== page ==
Another year has passed and brought us some notable legal developments. And perhaps now the dust has settled on 2015, we can look at it in retrospect and see what the truly significant moments were.
Elsewhere in our first newsletter of the year, we take a brief look at what the next 12 months may hold. So here we shall examine what the previous year brought us.
Arguably the most notable matter for the record books was the fact that the Serious Fraud Office (SFO) secured its first conviction for bribery under the Bribery Act. Those in favour of the Act always argued that it would take some time to become an effective legislative tool for the authorities – and this has been shown to be true. Since it came into effect in 2011, there had been no convictions until last year; when two defendants were convicted under the Act as part of the Sustainable Growth Group case. Bribery Act detractors could argue with some justification that the case was primarily a £23M biofuel fraud; of which the bribery aspect was far from the major plank of the prosecution. Some have claimed that if it had happened before the Act’s introduction then it is unlikely the bribery aspect of the case would have been prosecuted. But nevertheless, it stands as the first Bribery Act prosecution.
A similarly notable event in 2015 was the first UK disposal of a failure to prevent bribery offence under the Bribery Act. The case was resolved by a civil recovery order for £212,800; with the company under investigation, Brand-Rex Limited, avoiding a criminal prosecution because it had self-reported and carried out what was agreed to be a thorough internal investigation. The company found itself in trouble under S.7 because one of its agents had used its incentive scheme in a manner that was deemed to have given a financial advantage to a customer.
Making an impressive Bribery Act hattrick for 2015 was the SFO’s first use of a deferred prosecution agreement. This was in relation to the conduct of Standard Bank and its sister bank Stanbic Bank Tanzania over the payment of commissions to a Tanzanian government official. While the conduct met the criteria for a prosecution, a DPA was chosen as the most appropriate route because the bank had swiftly selfreported what had happened and had cooperated fully with SFO investigators.
A notable year then for those who have waited and watched for signs of the Bribery Act’s effectiveness. While the Act has been slow to set the courts alight, this should come as little surprise. Cases relating to the time before the Act was on the statute books obviously cannot be prosecuted under it and instances of bribery identified since its introduction will be the subject of lengthy, involved legal negotiation before they ever reach court. In time, therefore, 2015 may come to be viewed as the year when the Bribery Act came of age.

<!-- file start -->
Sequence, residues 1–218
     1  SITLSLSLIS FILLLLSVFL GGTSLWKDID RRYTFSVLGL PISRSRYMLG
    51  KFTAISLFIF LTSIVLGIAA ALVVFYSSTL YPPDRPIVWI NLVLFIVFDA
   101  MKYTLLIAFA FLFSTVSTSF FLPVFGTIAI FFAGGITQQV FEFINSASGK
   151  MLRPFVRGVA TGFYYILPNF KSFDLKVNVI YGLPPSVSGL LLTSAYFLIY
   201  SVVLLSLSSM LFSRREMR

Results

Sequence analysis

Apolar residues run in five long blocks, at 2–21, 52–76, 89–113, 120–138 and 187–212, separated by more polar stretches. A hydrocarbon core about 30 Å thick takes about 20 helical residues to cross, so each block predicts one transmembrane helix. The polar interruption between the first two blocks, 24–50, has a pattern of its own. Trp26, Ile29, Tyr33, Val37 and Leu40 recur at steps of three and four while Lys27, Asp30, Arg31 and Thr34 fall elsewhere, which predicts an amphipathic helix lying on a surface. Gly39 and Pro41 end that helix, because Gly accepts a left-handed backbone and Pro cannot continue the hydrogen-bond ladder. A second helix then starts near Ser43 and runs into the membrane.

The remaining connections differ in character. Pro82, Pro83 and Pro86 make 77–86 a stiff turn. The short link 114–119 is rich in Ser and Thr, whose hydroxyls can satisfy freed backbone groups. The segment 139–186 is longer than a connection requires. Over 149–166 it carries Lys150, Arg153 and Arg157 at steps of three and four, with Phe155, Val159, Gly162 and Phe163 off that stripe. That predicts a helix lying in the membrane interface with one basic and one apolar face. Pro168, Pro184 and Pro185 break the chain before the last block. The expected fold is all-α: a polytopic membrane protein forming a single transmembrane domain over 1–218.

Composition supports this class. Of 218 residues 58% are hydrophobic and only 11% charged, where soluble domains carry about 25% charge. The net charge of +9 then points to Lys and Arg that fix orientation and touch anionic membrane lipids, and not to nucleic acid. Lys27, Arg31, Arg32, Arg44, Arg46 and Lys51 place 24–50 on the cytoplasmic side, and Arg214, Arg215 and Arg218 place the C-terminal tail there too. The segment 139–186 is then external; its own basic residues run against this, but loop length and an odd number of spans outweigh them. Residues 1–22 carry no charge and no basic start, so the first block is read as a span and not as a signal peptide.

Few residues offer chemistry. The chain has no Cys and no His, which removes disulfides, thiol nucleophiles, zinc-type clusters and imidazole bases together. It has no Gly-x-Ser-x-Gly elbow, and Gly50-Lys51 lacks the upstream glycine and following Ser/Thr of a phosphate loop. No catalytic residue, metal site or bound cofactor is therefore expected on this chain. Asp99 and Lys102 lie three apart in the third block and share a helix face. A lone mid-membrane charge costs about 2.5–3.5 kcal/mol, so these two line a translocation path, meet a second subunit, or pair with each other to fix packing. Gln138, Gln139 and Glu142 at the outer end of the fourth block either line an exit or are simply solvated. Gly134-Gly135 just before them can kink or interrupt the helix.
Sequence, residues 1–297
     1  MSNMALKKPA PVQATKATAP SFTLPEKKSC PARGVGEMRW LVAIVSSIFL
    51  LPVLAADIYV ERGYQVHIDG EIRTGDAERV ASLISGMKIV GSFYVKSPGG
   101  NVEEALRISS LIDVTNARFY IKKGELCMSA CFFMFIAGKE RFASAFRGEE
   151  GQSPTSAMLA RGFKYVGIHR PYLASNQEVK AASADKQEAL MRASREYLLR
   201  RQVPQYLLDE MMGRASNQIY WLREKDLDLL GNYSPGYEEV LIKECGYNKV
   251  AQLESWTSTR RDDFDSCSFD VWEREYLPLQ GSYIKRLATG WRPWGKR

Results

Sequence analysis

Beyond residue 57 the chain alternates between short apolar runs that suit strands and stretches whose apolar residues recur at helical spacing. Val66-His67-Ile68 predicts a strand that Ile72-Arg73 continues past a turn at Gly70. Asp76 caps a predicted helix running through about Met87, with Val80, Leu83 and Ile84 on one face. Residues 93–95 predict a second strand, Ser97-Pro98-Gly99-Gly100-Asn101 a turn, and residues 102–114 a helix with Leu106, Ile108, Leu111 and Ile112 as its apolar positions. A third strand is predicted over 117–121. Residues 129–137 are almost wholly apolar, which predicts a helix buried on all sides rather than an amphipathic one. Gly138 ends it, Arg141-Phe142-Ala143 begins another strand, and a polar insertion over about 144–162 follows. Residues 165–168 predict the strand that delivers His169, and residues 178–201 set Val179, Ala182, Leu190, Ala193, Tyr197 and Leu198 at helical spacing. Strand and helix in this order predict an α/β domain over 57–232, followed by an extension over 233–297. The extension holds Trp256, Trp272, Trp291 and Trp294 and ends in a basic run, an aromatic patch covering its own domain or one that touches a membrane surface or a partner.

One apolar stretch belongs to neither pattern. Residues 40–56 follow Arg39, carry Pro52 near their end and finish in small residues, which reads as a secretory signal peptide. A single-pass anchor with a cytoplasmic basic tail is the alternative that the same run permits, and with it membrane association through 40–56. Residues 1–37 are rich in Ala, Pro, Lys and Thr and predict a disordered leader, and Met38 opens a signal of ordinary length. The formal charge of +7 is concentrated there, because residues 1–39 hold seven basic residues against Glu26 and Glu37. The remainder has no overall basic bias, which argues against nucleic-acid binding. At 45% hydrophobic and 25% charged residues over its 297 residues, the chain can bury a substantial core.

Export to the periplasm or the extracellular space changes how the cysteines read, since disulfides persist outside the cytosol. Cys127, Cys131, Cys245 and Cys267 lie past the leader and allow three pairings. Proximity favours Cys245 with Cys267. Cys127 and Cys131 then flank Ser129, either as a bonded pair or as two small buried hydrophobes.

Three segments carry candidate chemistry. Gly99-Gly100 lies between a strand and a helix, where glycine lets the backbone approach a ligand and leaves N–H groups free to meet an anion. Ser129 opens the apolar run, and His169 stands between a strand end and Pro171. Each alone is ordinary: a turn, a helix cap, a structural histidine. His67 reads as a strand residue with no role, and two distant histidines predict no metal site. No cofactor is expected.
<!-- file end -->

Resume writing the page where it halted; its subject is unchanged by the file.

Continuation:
In fairness, in a year in which the government quietly abandoned the much-touted idea of a new offence of a corporate failure to prevent economic crime, these initial Bribery Act cases may come to have even greater significance.
The government argument for not creating such an offence was, we are led to believe, that the idea of establishing corporate criminal liability more widely was unnecessary. We were told last September that this was because corporate wrongdoing was not going unprosecuted. Yet this seemed to beg the question why was such an offence being considered in the first place. Certainly, SFO Director David Green was a supporter of the new offence becoming a reality. The idea was not politically contentious as it had crossparty backing and there were few vocal objections to it. Yet for some reason, a plan that the SFO thought would make it easier to prosecute companies was shelved. Such a shelving ensured that the Bribery Act was not extended to cover what seemed to be a popular notion. So, as far as legal developments go, the most important one in 2015 was arguably a non-development.
What has to be said, however, is that 2015 was not a quiet year. Even if large-scale legal changes were not ushered in, it was 12 months that saw enforcement at the top of the agenda. Large corporate names, not to mention some of the largest sporting institutions, saw themselves the subject of new or continuing fraud or bribery investigations.
The trend for multi-agency and international investigations continued while some old legal chestnuts such as Euribor, Forex and the conduct of banks in general remained notable issues. 2015 saw Forex convictions, charges brought over Euribor and the Financial Conduct Authority (FCA) rather boldly announcing it was dropping its plans for a wide-ranging review of banking culture. The FCA denied that any political pressure had been exerted on it but the decision looked a little odd, coming out a matter of days after the first Euribor charges were brought against staff from Barclays and Deutsche Bank. Will this do nothing approach – like the lack of a new corporate failure offence – prove costly?
2015... a year of what could prove to be important fi rsts and non-events.